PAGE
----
Sticking with that third-line center theme, Santorelli would be a better option than Richards, but nothing about his game really impresses me - since his 20-goal season in Florida in 2010-11, he's scored 33 goals and added 43 assists in 222 games for five different teams while posting uninspiring underlying stats and not penalty killing (something I'd think any center the team brings in would need to do). Of course, I don't blame you for thinking he's more than that - he's scored five goals against the Caps in his career, as many as he has against any other club.

As for other free agents... the pool is shallow, but since you're not limiting the discussion to unrestricted free agents, I'd see if there's any way to pry Marcus Kruger out of Chicago. (A boy can dream, can't he?)

I'm starting to get the sense that people are anxious about the Caps' third-line center situation.

Trade candidates are usually hard to identify this time of year because most teams feel that they've addressed their needs and want to see what they've got, and (most) everyone thinks they're going to the playoffs in August. For their part, the Caps are probably wondering if they can create a third scoring line with Burakovsky as the third-line center or if Brooks Laich can have a huge bounce-back campaign and anchor (in a good way) a checking third line. I wouldn't bet on either, so I think the Caps will eventually have to go shopping and pony up some assets to address what appears to be an area of need. But they've got some time before they have to do that, and by then other teams will be more ready to deal.

Mike Green for two reasons - he's the best of the lot and is in a great situation in which to excel in Detroit.

I'm not sure how you'd define "contending," but they're better than the were last year when they were one shot (or save, perhaps) away from the Eastern Conference Finals, and the East looks to be fairly wide open at the top again this year once you get past Tampa. So yeah... maybe it's just you.

Back to the third line, eh? Barry Trotz likes to have a shutdown line, so if that's nominally your third line, that would probably leave a fourth line of Laich, Beagle and Michael Latta or Chris Brown or Stanislav Galiev... and push Jason Chimera to the second line? Not sure that's going to maximize the lineup. More likely, one of Marcus Johansson or Burakovsky will round out the top-six, with a third line that offers a little less offensive punch.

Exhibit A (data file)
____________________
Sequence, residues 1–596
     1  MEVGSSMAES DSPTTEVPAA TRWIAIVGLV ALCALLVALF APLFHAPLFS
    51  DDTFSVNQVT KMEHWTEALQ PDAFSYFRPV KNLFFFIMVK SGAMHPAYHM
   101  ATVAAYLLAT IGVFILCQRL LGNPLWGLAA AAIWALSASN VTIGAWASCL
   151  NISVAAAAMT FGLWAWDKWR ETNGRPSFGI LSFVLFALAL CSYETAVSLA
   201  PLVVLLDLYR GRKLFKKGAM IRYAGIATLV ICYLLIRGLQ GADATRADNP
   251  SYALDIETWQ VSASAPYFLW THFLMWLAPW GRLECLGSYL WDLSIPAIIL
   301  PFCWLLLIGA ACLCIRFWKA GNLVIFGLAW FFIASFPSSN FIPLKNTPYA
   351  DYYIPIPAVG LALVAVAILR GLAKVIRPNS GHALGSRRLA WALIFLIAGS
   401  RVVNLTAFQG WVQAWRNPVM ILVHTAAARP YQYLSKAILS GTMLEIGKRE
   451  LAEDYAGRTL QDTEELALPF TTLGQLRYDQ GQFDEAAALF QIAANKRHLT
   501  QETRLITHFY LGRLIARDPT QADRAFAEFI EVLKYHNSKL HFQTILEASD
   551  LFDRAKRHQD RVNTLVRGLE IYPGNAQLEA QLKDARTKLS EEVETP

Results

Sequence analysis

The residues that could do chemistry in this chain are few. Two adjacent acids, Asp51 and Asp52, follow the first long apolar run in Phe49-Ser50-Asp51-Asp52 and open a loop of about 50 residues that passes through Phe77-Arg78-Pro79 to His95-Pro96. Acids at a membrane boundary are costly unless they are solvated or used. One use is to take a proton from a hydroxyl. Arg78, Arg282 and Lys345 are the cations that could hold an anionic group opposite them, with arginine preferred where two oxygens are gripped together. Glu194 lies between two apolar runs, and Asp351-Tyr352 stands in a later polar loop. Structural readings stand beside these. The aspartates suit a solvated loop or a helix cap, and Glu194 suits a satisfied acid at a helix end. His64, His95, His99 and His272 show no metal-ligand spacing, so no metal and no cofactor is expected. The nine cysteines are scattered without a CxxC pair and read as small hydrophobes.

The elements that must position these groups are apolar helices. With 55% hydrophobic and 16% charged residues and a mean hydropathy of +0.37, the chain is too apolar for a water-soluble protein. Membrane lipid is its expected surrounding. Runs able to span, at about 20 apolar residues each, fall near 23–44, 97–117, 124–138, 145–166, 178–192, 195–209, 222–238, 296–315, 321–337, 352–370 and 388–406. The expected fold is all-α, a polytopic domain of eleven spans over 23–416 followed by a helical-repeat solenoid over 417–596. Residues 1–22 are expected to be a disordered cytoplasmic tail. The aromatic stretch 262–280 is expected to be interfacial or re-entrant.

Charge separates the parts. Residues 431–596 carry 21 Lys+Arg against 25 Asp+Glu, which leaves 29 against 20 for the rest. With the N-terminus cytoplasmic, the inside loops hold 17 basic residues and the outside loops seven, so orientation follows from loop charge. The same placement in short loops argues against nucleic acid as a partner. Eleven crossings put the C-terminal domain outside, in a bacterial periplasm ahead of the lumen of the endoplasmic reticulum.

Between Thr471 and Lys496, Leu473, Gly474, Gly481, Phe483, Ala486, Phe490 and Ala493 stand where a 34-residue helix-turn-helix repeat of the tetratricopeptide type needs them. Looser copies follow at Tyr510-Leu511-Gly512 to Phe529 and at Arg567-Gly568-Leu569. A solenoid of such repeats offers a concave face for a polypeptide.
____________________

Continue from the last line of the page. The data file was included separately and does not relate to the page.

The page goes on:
There would seem to be a pretty large gap between the Caps' projected forwards and defensemen and those in Hershey, generally, but it wouldn't surprise me if Jakub Vrana impresses enough to get a look in D.C. and Chimera deserves to sit for a bit.

I'm having a hard time getting past how dirty your keyboard is, but I'll try. I've seen the version of the Caps' wordmark on that hat before, along with some other logo-related oddities, like this one, but not sure where it's gone. Moreover, it doesn't appear to be a registered mark... which brings us to a most D.C. of hobbies - searching the U.S. Patent and Trademark Office's Trademark Electronic Search System (TESS) to see who's registered what and when. You'll find the logo linked to above (but not the one on your hat), as well as this logo that ended up on this leaked-then-abandoned Tommy Hilfiger-designed sweater (via Tumblr):

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Agree? Disagree?

If you've got something on your mind, go ahead and ask it here on the site, on Twitter (use #JapersMailbag), via email or on Facebook, and we'll try to get to them. As always, there are always a lot of question marks around this team... so let's talk about as many of them as we can.